Do you have your favorites on ‘Don't Fear The Reaper’, songs that you think are somehow above the others?

My favorites are “Damned in Hell” and “The Wait For The Pyramids” the latter because I love instrumentals ha-ha.



Could you please describe the implications the title ‘Don't Fear The Reaper’ has for you, what does it stand for and is there a special meaning behind it?

We usually use a title from a classic metal album, with a twist for our albums… On this album we didn’t change the title, because it had a Witchery connection anyway. The first song on the first Witchery album “Restless and Dead” is called “The Reaper” and that was reason enough for us to use… plus the BÖC song “Don’t Fear the Reaper” is a great song as well.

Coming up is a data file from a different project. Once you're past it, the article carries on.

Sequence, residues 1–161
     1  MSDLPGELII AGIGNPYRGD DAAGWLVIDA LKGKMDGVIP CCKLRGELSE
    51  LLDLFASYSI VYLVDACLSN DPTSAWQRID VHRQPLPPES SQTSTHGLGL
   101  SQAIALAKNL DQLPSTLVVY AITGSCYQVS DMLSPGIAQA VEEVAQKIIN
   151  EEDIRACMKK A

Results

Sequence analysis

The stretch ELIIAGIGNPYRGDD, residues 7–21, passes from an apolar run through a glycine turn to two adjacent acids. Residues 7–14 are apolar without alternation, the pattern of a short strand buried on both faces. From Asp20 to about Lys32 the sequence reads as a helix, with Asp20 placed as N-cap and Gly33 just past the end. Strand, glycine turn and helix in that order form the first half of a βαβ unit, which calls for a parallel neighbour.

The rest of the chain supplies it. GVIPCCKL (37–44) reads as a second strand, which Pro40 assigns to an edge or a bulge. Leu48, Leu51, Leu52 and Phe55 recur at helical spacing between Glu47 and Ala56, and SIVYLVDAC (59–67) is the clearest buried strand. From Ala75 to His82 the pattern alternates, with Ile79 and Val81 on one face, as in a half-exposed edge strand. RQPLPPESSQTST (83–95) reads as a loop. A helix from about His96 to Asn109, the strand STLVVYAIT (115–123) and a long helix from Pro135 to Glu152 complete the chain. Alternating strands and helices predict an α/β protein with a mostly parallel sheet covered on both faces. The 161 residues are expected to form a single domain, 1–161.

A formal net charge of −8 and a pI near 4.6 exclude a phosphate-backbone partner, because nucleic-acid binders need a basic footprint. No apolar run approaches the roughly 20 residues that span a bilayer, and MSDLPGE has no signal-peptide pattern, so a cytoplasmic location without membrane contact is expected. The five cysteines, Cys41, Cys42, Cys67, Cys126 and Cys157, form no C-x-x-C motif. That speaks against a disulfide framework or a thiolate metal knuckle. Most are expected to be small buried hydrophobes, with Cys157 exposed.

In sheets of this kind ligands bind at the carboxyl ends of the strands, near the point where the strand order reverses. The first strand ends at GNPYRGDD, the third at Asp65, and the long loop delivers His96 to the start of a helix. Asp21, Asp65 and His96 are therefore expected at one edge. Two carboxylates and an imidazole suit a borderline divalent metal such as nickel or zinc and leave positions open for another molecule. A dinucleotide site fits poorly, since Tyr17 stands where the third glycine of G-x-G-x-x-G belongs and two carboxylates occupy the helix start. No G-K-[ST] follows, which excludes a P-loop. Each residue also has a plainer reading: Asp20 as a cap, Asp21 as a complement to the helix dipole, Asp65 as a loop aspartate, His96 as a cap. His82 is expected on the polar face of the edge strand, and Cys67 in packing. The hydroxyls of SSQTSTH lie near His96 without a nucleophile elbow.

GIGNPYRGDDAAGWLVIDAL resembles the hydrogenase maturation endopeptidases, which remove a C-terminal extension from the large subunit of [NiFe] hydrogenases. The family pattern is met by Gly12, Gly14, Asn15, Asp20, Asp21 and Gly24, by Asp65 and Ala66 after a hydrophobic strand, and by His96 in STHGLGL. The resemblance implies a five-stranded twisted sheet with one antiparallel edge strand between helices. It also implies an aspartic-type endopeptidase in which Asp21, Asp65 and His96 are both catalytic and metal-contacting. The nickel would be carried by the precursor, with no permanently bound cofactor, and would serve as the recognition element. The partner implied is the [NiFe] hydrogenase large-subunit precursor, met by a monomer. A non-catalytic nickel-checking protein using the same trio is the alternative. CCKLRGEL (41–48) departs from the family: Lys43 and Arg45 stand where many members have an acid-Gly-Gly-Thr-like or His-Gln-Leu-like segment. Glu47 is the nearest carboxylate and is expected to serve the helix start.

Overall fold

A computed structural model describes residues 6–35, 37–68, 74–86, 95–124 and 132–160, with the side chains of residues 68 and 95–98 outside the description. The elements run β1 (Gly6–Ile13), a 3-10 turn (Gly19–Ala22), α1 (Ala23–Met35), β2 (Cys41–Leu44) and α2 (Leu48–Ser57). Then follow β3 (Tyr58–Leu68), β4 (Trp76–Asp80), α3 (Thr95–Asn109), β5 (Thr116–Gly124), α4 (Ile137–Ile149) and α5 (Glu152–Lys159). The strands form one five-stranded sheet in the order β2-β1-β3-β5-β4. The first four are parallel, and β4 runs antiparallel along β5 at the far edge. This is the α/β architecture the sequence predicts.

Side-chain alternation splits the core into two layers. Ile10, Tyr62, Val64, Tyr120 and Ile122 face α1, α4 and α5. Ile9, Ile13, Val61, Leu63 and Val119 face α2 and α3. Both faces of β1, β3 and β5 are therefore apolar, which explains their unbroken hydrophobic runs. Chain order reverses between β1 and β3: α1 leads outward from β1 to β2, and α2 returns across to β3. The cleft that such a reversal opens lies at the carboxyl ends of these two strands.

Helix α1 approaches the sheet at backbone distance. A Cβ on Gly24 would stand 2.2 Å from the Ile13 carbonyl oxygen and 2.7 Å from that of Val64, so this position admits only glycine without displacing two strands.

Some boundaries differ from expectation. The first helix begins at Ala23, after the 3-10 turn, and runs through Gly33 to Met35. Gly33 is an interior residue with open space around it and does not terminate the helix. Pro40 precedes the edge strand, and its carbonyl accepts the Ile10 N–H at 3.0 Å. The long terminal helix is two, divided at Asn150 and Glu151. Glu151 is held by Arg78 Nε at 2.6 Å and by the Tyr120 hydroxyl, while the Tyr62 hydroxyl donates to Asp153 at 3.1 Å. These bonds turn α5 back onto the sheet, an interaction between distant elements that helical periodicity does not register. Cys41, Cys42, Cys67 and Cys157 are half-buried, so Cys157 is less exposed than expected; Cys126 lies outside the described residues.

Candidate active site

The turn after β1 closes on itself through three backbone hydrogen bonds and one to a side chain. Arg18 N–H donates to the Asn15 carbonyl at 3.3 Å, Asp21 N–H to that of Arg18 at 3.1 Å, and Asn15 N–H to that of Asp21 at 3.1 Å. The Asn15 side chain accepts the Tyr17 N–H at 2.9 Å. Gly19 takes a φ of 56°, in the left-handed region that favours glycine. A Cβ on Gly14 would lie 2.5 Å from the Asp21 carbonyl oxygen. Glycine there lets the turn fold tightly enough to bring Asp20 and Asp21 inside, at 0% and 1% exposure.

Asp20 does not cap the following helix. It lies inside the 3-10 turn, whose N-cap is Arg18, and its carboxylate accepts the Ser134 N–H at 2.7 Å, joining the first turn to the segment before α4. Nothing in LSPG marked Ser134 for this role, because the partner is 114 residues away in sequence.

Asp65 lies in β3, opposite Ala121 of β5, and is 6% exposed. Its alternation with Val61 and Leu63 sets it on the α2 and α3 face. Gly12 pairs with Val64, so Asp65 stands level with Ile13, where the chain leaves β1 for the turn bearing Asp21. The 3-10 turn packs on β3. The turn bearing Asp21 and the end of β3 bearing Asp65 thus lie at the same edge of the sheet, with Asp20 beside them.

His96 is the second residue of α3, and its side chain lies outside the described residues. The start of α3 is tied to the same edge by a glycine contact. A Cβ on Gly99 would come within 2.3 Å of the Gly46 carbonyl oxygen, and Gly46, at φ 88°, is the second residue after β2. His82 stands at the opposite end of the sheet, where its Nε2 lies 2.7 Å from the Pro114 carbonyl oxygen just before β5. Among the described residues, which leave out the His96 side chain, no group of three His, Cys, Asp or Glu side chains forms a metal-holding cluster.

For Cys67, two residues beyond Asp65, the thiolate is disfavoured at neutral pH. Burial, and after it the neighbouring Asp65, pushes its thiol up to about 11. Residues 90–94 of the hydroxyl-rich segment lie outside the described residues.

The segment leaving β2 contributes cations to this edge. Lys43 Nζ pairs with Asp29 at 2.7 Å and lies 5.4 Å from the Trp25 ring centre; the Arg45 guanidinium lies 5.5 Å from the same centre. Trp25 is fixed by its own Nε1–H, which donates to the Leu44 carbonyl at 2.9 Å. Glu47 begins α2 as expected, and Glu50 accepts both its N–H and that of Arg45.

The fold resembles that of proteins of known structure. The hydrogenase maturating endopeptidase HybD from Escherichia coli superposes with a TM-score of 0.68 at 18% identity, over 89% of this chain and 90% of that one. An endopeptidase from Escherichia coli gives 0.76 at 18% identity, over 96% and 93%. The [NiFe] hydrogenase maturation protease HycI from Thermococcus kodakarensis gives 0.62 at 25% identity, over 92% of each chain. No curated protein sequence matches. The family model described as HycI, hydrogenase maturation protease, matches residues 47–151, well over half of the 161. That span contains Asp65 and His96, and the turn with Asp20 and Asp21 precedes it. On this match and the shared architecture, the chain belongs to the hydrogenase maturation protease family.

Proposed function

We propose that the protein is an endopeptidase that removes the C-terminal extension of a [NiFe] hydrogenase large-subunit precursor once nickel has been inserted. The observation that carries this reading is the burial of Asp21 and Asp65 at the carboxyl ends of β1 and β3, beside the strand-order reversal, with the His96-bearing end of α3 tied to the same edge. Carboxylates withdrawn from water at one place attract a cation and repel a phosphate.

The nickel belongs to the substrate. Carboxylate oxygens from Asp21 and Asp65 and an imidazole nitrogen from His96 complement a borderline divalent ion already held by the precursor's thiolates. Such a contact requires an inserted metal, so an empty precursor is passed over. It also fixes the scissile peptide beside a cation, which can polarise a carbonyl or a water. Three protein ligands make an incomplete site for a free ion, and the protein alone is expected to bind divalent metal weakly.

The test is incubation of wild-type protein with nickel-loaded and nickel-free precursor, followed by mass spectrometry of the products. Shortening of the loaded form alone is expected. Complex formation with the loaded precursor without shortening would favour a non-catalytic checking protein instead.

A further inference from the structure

Can you tell us something about the lyrics on this album?

Witchery lyrics are there for your listening entertainment. I’m not trying to change the world with our lyrics. I had a great time growing up listening to Mercyful Fate and King Diamond for example. I’m a huge book reader too. I love, for example, HP Lovecraft...so I find fantasy lyrics better than political statements or reading how miserable someone feels. Then again…if you don’t like our lyrics, then that’s cool. Just enjoy the music and let the vocals become an additional instrument. If you do, then that’s cool too. I find them fun to write and I think they do the job quite nicely.


Ok, now we have some questions to enable our readers to get to know you a little bit better.


How do you stand against illegal downloading of music from the internet, a lot of albums these days are already on the internet before they are officially released?